VE is making great strides. They have also just released the Duke, an IEM I am slated to review. They have an amp coming out soon (a matter of weeks) rumored to be sub-$100 and designed specifically to drive the Duke at its lower gain setting, and the Zen at its higher gain setting. They also recently released the Monk. The Monk is an easy to drive earbud, a baby-brother to the Zen and the Asura. It too has what is now regarded as the VE “house sound”.
This review is devoted to the Monk. I received a free sample from VE, but couldn’t understand why it was free. See the end of the review, you’ll understand why. A more ordered and carefully laid out review is sure to come along soon. I am wont to write in a different fashion. You’ll hear what you need to hear though.
The Monk is extremely pedestrian in its build. The ubiquitous shells used by Blox, Dasetn and all of the other boutique bud makers make an appearance here. VE has the good taste to keep them basic black though (I have seen them appear in shiny silver, translucent red and all manner of other cheap and gaudy incarnations…), with a neat little logo in white. The simple rubber-coated cable is basic black as well, as is the plug. The plug is a sturdy, straight, no-nonsense affair.
Lee from VE recommends you use the Monk with any smartphone. It is designed to put up with the sub-par output of these devices, and still sound good. Does it sound good?
I am still surprised at what Lee and his silent partner “KK” have achieved at VE. All of their buds have a delightfully pleasing sound signature. After the suggested ten hours of burn-in using vocal music, the Monk is no different. Most earbuds fall short in some way, frequently bass. Not so the Monk. Some as a result of their bass-less-ness are shrill and tinny. Not the Monk. Some try to compensate for the bass-less-ness and tinny sound with lush and strong mid-ranges and as a result sound wooly rolled off at both ends. Not the Monk.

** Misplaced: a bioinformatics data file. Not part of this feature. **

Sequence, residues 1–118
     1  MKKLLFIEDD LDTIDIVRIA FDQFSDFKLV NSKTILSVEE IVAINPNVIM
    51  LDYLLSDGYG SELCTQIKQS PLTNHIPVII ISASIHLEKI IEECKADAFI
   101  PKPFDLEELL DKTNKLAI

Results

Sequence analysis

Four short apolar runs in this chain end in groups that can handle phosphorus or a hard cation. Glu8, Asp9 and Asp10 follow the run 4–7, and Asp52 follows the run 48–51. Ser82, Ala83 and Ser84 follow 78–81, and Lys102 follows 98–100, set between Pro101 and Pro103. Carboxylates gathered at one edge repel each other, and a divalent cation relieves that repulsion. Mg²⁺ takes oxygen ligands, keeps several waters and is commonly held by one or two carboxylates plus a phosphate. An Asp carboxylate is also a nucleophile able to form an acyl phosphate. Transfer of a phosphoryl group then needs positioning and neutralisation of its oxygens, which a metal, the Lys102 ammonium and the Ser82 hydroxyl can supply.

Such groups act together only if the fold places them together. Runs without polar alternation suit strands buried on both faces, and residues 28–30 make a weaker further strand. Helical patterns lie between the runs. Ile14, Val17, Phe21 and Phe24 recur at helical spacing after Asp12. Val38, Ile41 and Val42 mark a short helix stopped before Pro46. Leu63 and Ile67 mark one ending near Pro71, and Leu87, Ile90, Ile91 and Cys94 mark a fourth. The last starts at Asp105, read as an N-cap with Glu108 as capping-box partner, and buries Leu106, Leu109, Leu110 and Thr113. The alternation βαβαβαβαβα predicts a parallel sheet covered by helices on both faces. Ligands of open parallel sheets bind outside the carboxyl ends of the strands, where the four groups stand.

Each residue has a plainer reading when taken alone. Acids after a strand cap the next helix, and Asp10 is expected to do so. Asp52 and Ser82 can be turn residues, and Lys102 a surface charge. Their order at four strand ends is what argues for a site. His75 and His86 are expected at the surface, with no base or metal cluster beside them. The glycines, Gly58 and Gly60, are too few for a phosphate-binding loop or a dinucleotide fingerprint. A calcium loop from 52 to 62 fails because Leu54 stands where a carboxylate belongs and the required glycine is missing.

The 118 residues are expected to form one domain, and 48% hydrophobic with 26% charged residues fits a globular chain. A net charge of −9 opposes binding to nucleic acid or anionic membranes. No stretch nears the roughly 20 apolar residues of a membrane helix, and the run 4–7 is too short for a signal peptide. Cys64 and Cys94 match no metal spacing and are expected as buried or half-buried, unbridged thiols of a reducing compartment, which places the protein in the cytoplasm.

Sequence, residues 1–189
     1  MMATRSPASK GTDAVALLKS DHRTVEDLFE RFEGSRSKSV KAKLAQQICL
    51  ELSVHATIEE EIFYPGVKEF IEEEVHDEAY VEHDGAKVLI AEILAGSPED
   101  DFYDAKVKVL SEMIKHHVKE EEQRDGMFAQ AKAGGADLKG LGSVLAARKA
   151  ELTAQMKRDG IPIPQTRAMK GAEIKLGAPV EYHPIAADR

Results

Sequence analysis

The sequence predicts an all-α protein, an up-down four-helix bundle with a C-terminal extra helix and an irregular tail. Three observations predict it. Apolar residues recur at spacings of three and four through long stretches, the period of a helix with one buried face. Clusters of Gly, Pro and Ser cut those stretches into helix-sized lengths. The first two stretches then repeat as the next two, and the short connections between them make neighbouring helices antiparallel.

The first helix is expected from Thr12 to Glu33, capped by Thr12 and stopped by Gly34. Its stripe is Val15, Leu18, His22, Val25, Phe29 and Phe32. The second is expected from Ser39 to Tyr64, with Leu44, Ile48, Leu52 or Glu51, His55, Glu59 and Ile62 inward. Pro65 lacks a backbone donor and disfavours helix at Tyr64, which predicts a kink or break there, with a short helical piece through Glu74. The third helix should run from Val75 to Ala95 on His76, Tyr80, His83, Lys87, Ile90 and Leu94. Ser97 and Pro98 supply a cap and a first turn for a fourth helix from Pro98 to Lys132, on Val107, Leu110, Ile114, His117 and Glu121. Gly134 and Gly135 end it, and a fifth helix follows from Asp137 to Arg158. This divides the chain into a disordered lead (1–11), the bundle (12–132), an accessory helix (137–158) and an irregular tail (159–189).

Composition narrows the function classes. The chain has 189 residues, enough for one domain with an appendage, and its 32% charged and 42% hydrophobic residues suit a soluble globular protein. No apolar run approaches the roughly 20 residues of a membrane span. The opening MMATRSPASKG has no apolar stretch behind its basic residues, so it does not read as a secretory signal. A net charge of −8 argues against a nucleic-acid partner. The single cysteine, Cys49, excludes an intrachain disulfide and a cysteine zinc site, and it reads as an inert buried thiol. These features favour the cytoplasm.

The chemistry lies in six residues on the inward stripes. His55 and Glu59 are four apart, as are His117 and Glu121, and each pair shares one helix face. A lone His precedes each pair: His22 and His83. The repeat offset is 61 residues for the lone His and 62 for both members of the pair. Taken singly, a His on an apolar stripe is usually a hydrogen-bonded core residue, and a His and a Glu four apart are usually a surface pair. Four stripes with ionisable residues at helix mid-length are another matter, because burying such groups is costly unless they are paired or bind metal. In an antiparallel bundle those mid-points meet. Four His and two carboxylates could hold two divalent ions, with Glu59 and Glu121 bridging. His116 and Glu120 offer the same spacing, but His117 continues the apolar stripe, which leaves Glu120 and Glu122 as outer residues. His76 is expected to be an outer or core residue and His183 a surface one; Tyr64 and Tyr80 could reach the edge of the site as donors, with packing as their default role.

They are not the Zen (they lack the refinement and clarity) and they are not the Asura (which sits just behind the Zen in terms of performance). They do not scale like those two when paired with a stronger/better source. But like a scrappy little street-dog, it will survive and thrive wherever you put it. It needs no pampering…no DSD or 24/1952 files, no massive amounts of current, no careful equalization or special equipment. Drop it in a backstreet of Sowetho township, feed it trash and expect that great, toe-tapping, incredibly pleasing VE sound.
And the best part? The Monk retails for $5.98 for the in-line mic version and $5 for the plain version. At that price point it’s a no-brainer.
PS: the price on AliExpress is wrong. It should not be $995.98 :).